The Nuances of Language: Definitive Edition
A good editor brings an objective eye to a piece of writing that the writer has long since lost. This, mind you, is a critical job. A writer is supposed to only think about what to write, not about how well he is writing with regards to the intricacies of English rules of grammar, punctuation, and syntax.
This series of articles has tackled what most of the general populace fails to knock outside the park when it comes to writing. This definitive edition summarizes all that we’ve tackled so far.
If the translator only uses basic vocabulary and simple language, replace them with more accurate and wider usage of vocabulary to bring out not just the meanings but the flow of raws as well.
Use pronouns, synonyms, or similar expressions to avoid repetition of vocabularies or phrases.
Vary the sentence structures to make the text seem less rigid.
Sentences should follow the known-new contract.
Avoid run-on sentences and use appropriate transitions to connect sentences.
Check whether two independent clauses should be or could be connected to each other. Check for redundancy in descriptions. Read the paragraphs again to see whether they make sense.
While translators are not entitled to have perfect grammar, the writing they provide should still be at a level where editors would be more focused on improving the writing rather than fixing the mistakes. As for the editors, it is to be expected that their grammar should reach a level where there are little to no mistakes in the final product of the writing. As a side note, perhaps the usage of some extensions like Grammarly in web browsers could help in improving or looking through the grammar mistakes. However, over-reliance is always disastrous.
All narration should be in past tense or in -ing form. Ex. Change “can” to “could,” “will” to “would,” “farms” to farming or farm, “is” to “was,” “are” to “were,” etc. Exceptions are universal facts that are usually in the present tense; in this case, the context should be the main focus on whether the present tense form of the verb or “is/are” should be used.
The tenses of dialogues depend on the context. Past, present, or future tenses could be used.
The forms of pronouns and possessive pronouns should be consistent with the nouns they refer to.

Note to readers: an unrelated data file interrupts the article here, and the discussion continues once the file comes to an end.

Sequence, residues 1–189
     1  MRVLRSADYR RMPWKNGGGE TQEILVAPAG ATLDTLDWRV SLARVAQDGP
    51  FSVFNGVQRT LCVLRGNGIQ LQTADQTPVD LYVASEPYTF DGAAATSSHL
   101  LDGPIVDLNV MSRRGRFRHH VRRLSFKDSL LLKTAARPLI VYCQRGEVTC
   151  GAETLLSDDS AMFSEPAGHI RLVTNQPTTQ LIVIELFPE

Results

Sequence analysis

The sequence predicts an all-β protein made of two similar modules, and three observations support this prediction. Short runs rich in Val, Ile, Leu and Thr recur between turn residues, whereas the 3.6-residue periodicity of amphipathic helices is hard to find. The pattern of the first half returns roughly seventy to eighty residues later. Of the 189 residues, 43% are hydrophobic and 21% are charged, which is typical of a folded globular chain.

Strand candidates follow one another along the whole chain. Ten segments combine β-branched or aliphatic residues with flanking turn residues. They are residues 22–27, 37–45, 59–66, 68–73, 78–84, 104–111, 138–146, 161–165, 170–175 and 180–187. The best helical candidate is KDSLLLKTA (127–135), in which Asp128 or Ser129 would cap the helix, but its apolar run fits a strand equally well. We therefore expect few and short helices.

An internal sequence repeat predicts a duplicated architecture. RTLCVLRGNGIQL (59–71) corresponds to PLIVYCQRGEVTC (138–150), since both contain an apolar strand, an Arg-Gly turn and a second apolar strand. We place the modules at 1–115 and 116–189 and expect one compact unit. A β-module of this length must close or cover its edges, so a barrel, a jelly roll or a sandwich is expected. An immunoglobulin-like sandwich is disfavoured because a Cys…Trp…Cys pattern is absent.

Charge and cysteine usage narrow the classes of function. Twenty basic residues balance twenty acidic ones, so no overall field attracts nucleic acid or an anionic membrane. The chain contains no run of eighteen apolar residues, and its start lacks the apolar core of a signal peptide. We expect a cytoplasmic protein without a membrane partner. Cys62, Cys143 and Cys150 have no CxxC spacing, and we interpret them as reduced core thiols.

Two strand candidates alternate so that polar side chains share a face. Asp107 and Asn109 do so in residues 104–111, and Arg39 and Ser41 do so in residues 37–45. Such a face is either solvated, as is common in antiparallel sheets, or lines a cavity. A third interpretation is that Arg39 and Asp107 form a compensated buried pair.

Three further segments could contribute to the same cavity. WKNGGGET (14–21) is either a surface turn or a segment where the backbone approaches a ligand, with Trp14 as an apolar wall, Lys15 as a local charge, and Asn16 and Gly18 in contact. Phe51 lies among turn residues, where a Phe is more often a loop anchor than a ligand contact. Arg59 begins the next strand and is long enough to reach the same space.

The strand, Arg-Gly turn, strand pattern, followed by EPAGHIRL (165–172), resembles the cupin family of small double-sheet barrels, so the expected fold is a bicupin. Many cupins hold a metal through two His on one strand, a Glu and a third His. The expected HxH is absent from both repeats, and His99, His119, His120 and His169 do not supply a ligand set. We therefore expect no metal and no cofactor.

All the terms that have been used in writing should be consistent. Whether it’s an important term (names, places, techniques, etc.) or a description (red-haired youth vs. youth with red hair), they should be consistently used throughout the novel. Producing a glossary for the terms is highly recommended, especially in the long run.
1.7 Continuous Dialogue
When a few consecutive paragraphs are what one person said or thought, it goes like this:
After carefully distinguishing for a moment, Meng Qi scowled. “It indeed is the Master who is inside, and most of the threads of karma have been broken and no longer connect to the world. [No quotation mark]
“That is to say, the Master is really dead! [No quotation mark]
“He died a natural death even though he exchanged for the longevity elixir...” Meng Qi fixed his eyes on the remaining threads of karma.
Thoughts or monologues are those instances where dialogue is only spoken in the mind of a character. It is usually preceded or followed by a “he/she thought.” In this case, please italicize it with double quotations. In the meantime, the site will not be able to show italicized words. However, as soon as the site improves in a few months or so, it will eventually show up. Just use italicized words in the google docs to save these thoughts for the meantime.
No matter if the thought or monologue is in a line by itself or it is a part of a larger paragraph, we use quotation marks.
The thought is a line by itself:
“Why do I feel this way?”
The thought is a part of a larger paragraph:
“He’s Roland Wimbledon.” Agatha thought, silently memorizing this name.
Of course, you may also paraphrase it from the third person point of view. In this case, it doesn’t need to be italicized with a double quotation.
E.g., Elsa didn’t know why she felt that way.
She made a mental note to memorize his name, Roland Wimbledon.
Check whether the punctuation used is right or whether it is appropriate to use them. Another is, please do fix “...…” to just “...” (ellipsis). More information is in the references below.
Note: There is a space after the ellipsis, not before it.
E.g., Have you… witnessed this before?
Use double quotation marks first and then a single quotation.
E.g., “HAL said, ‘Good morning, Dave,’ “recalled Frank.
Writing, like every other endeavor, is merely an augmentation of the brain’s ability to think and confound ideas. Believe in your creativity, in your imagination. Once you do, you will do great things.
Men often become what they believe themselves to be. If I believe I cannot do something, it makes me incapable of doing it. But when I believe I can, then I acquire the ability to do it even If I didn’t have it in the beginning.